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Crf 450 2004 need answers

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I have recently had a rebuild ( picture ) and there's not much compression as it's easy to kick over. What could it be?

Also I had the valves checked and was told they were in spec, yet it's hard to start when hot, does it need re-shimming?

Finally, it bogs quite a lot. When I snap the throttle back while at idle and pulling off/out of corners without high rev's. Would the ap mod help this?

Other than these, it's goes quite well.

Any help would be appreciated.

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Could be they got the timing off one tooth. Or the decompression lever needs to be set up correctly. Has the carb been worked on as well?

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Before the rebuild I messed about with the carb settings but the shop re set them and fitted a fuel screw witch I have not touched since. I don't think the timing is of because it runs fine when started and it starts with 1-2 kicks from cold.

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Before the rebuild I messed about with the carb settings but the shop re set them and fitted a fuel screw witch I have not touched since. I don't think the timing is of because it runs fine when started and it starts with 1-2 kicks from cold.

Ive seen motors do exactly what your saying and  be a tooth off. Little hard to start and a horrible bog out of the corners but other than that runs fine? I seen a guy replace his entire electrical system trying to chase these same symptoms only to fine out it was a tooth off.

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Mine is only hard to start when hot, could this still be a tooth out or am I looking towards valves?

Cheers

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Key is low compression.  Hmmmm how low?  I think the spec is 78psi, due to the decompression lever!  Actual compression is much higher.  Still should be hard to kick over.  I hate to say this, but I never trust a shop.  too many small things missed (forgot to tighten this or that).

 

  1. +1 on timing  If you are not mechanically inclined  this is still very easy as long as you can remove the plastics, seat and tank, you have the skills to take it the rest of the way.  I have a manual if you need it.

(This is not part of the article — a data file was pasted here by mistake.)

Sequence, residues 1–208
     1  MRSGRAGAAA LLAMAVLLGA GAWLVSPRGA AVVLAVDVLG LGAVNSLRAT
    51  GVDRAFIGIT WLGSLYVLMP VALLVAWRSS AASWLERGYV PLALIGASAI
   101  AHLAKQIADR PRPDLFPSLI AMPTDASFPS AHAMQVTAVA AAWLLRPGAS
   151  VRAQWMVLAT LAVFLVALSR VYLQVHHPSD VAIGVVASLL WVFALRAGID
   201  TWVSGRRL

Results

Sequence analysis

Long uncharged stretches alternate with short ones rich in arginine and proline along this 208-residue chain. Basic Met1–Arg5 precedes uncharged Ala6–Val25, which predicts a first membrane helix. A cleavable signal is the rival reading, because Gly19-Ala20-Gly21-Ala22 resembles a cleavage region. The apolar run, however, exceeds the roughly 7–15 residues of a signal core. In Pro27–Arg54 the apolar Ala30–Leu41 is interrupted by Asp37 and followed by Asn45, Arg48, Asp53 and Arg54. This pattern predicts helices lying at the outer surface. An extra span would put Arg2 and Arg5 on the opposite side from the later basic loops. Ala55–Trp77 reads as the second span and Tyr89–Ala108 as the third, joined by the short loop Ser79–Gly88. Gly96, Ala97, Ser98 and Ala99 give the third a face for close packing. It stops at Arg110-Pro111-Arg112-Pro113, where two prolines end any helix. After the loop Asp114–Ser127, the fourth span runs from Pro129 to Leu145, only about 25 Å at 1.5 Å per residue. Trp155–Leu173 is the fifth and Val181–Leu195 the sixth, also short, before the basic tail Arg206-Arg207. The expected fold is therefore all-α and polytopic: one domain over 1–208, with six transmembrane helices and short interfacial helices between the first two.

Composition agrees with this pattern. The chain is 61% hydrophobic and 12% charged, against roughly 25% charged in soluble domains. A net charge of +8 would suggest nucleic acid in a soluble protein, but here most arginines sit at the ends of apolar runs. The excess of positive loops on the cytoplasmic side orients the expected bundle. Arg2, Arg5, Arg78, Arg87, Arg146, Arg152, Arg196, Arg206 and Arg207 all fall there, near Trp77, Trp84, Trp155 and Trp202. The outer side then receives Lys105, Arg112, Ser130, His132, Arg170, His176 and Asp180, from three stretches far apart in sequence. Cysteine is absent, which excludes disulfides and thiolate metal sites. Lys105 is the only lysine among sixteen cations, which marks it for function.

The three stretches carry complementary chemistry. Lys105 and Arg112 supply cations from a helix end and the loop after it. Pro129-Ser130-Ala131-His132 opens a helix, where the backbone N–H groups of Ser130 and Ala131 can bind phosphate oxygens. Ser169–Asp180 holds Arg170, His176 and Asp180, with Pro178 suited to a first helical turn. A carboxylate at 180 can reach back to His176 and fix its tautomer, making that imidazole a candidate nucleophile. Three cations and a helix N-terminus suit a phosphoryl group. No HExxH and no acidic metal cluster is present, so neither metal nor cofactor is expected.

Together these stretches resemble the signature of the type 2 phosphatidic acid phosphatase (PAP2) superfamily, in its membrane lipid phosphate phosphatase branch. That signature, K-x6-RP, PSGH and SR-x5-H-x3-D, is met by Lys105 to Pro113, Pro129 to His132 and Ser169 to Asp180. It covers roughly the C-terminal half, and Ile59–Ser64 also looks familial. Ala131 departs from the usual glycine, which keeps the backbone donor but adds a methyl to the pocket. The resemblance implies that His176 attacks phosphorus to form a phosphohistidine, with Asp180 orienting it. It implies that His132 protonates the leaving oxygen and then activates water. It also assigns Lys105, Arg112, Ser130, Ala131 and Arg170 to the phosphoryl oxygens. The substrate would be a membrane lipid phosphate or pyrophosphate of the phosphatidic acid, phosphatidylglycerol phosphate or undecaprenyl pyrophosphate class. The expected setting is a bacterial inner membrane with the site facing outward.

2. +1 on carb needing to be cleaned...again, or it at all.  My 2005 was a bitch to start cold, cleaned carb (starter jet) and now its great. Again this is pretty simple stuff, since its all plug and play inside the carb.  You should only need to use compressed air for cleaning and maybee a bit of fishing line for the pilot hole where it enters into the throat.
  3. +1 on the decompression lever not adjusted correctly.  Needs 0.35 mm plus 0.28 mm at the valve (if my memory is correct).  Thats a huge clearance and if the mechanic was not thinking may have forgot to do the simple math needed to get both close to 0.65 or what ever the spec is.
  4. Check plug is screwed in LOL  but seriously
  5. Check carb boots make sure they are on correctly, particularly the air box to carb one.  It can be tricky to get in on all the way, since its pretty hard to see if it fits.  Not impossible by you need a flashlight and several angles.
  6. Make sure hot start cable is not too tight at the lever on the handle bar, and that the attachment on the carb is screwed in all the way.  make sure its not pulling with side to side movement.  set the fuel screw to 1.5 turns out, or what ever the manual says.
Edited by bikedad1

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Thanks for the info!

I have a manual and I can do little things like valve clearances but I don't

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Want to mess something up as i've just spent a lot of cash on the rebuild. I have only been out on the bike for about 40 mins since. Having the time to sit down and have a go at fixing it is the problem as I'm very busy with work. I will see if I can have a look at it and let you know what I find and go from there.

Once again, thanks for the help !

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Just managed to have a look at my bike and look what I found!ImageUploadedByThumper Talk1380299080.349203.jpgImageUploadedByThumper Talk1380299095.036424.jpg

Correct me if I'm wrong, but this is out right!